Monday, January 9, 2012


Martin Luther King at Riverside Church NYC-- "Beyond Vietnam" speech

The young Ghanaian docent at the W.E.B. Dubois Memorial Center, half a block away from where my brother was working in Accra at the 2010 U.S. Embassy [our newest, biggest, most fortified in Africa], answered with no hesitation.  “I’d recommend Dubois’ The Souls of Black Folks for a first reading of his work.”  The young man had volunteered to take me through the exhibits, though I’d arrived just minutes before afternoon closing time.  He was proud to have shown me something of the life of this African American who’d come back to Africa, after speaking & writing so eloquently & courageously for just recognition of his people in the USA.   Both sides of the Atlantic, Dubois inspired many.  [For a history see ]

Dr. Martin Luther King, Jr. wrote, "… history cannot ignore W.E.B. DuBois because history has to reflect truth and Dr. DuBois was a tireless explorer and a gifted discoverer of social truths. His singular greatness lay in his quest for truth about his own people. There were very few scholars who concerned themselves with honest study of the black man and he sought to fill this immense void. The degree to which he succeeded disclosed the great dimensions of the man." 
Dr. King went on to help lead a civil rights movement that put into practice the scholarly quest for justice well expressed by Dr. Dubois.  Rev. Martin Luther King then went even beyond faithful determined advocacy for his race, appealing for an end to our unjust war in Vietnam. 

“I am convinced that if we are to get on the right side of the world revolution, we as a nation must undergo a radical revolution of values. We must rapidly begin the shift from a ‘thing-oriented’ society to a ‘person-oriented’ society. When machines and computers, profit motives and property rights are considered more important than people, the giant triplets of racism, materialism, and militarism are incapable of being conquered.”  Dr King knew that the God’s nonviolent love was the only way to defeat this evil.
“When I speak of love I am not speaking of some sentimental and weak response. I am speaking of that force which all of the great religions have seen as the supreme unifying principle of life. Love is somehow the key that unlocks the door which leads to ultimate reality. This Hindu-Moslem-Christian-Jewish-Buddhist belief about ultimate reality is beautifully summed up in the first epistle of Saint John: ‘Let us love one another; for love is God and everyone that loveth is born of God and knoweth God. He that loveth not knoweth not God; for God is love. If we love one another God dwelleth in us, and his love is perfected in us.’ ”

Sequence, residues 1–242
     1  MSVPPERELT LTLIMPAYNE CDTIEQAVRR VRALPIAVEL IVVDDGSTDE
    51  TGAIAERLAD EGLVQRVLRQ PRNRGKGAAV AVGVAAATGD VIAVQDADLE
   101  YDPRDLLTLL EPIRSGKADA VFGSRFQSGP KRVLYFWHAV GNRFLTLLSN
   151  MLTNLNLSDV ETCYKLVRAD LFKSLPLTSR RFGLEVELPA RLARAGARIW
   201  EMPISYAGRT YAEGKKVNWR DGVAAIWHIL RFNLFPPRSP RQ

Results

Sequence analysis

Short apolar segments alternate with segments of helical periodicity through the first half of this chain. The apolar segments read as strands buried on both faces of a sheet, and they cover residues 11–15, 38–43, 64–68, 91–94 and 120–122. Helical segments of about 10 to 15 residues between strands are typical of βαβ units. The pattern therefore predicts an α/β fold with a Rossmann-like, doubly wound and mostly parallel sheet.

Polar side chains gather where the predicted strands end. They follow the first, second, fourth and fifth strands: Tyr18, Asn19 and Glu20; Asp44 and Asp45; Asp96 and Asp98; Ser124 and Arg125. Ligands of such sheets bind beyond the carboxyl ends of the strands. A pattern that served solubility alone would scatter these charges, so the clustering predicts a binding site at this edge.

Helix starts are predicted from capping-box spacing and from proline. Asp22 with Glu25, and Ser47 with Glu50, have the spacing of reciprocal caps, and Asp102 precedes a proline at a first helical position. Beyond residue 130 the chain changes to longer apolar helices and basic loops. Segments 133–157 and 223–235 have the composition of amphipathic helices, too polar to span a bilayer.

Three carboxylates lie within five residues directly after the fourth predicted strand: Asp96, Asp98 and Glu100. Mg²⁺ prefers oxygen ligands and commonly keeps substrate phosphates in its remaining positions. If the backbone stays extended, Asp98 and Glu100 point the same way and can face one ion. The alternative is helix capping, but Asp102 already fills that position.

A year to the day after this “Beyond Vietnam” speech against war & violence, Martin Luther King was shot dead by an assassin in Memphis, TN while helping to organize city garbage workers.  A great loss to all who believe in the way the truth and the life, in doing for others as you would have them do for you, in a God who loves across all cultures extending to all peoples—no privileges, no discriminations.  [For full speech, audio & print, see ]
The death of Dr. King , April 4, 1968
While serving in medical clinics and learning from another culture--Tila, small town of Chiapas, Mexico--I’ve encountered a sacred image of Jesus that coincides with recognition of Martin Luther King, whose national holiday is now celebrated in the U.S. on Jan. 15th.  This day also, for centuries, has been the feast day of Nuestro Senor de Tila, the miraculous Black Crucified Christ in Chiapas, where the indigenous decedents of the Mayas have long struggled for their civil and land rights.  Their devotion to Nuestro Senor gives great strength to their effort.
Cristo Negro de Portobelo                                                                                         Nuestro Senor de Tila
El Cristo Negro, the Black Christ, is a recurring image of imprecise origin in the Caribbean, and the greater area of Spanish colonization.  [More investigation of this another day.]  There’s a Cristo Negro de Portobelo, Panama, and one also as far north as Chimayo, New Mexico.  The suffering, and healings, and resurrection of El Cristo Negro have resonated, through 500 years of devotions, with black African and brown indigenous peoples who’d been enslaved, and continue to work to throw of those chains. 

From Africa to Memphis to Mexico we follow the star that promises justice, leading to the Savior born in a stable.
African Art--The Magi Visit Jesus

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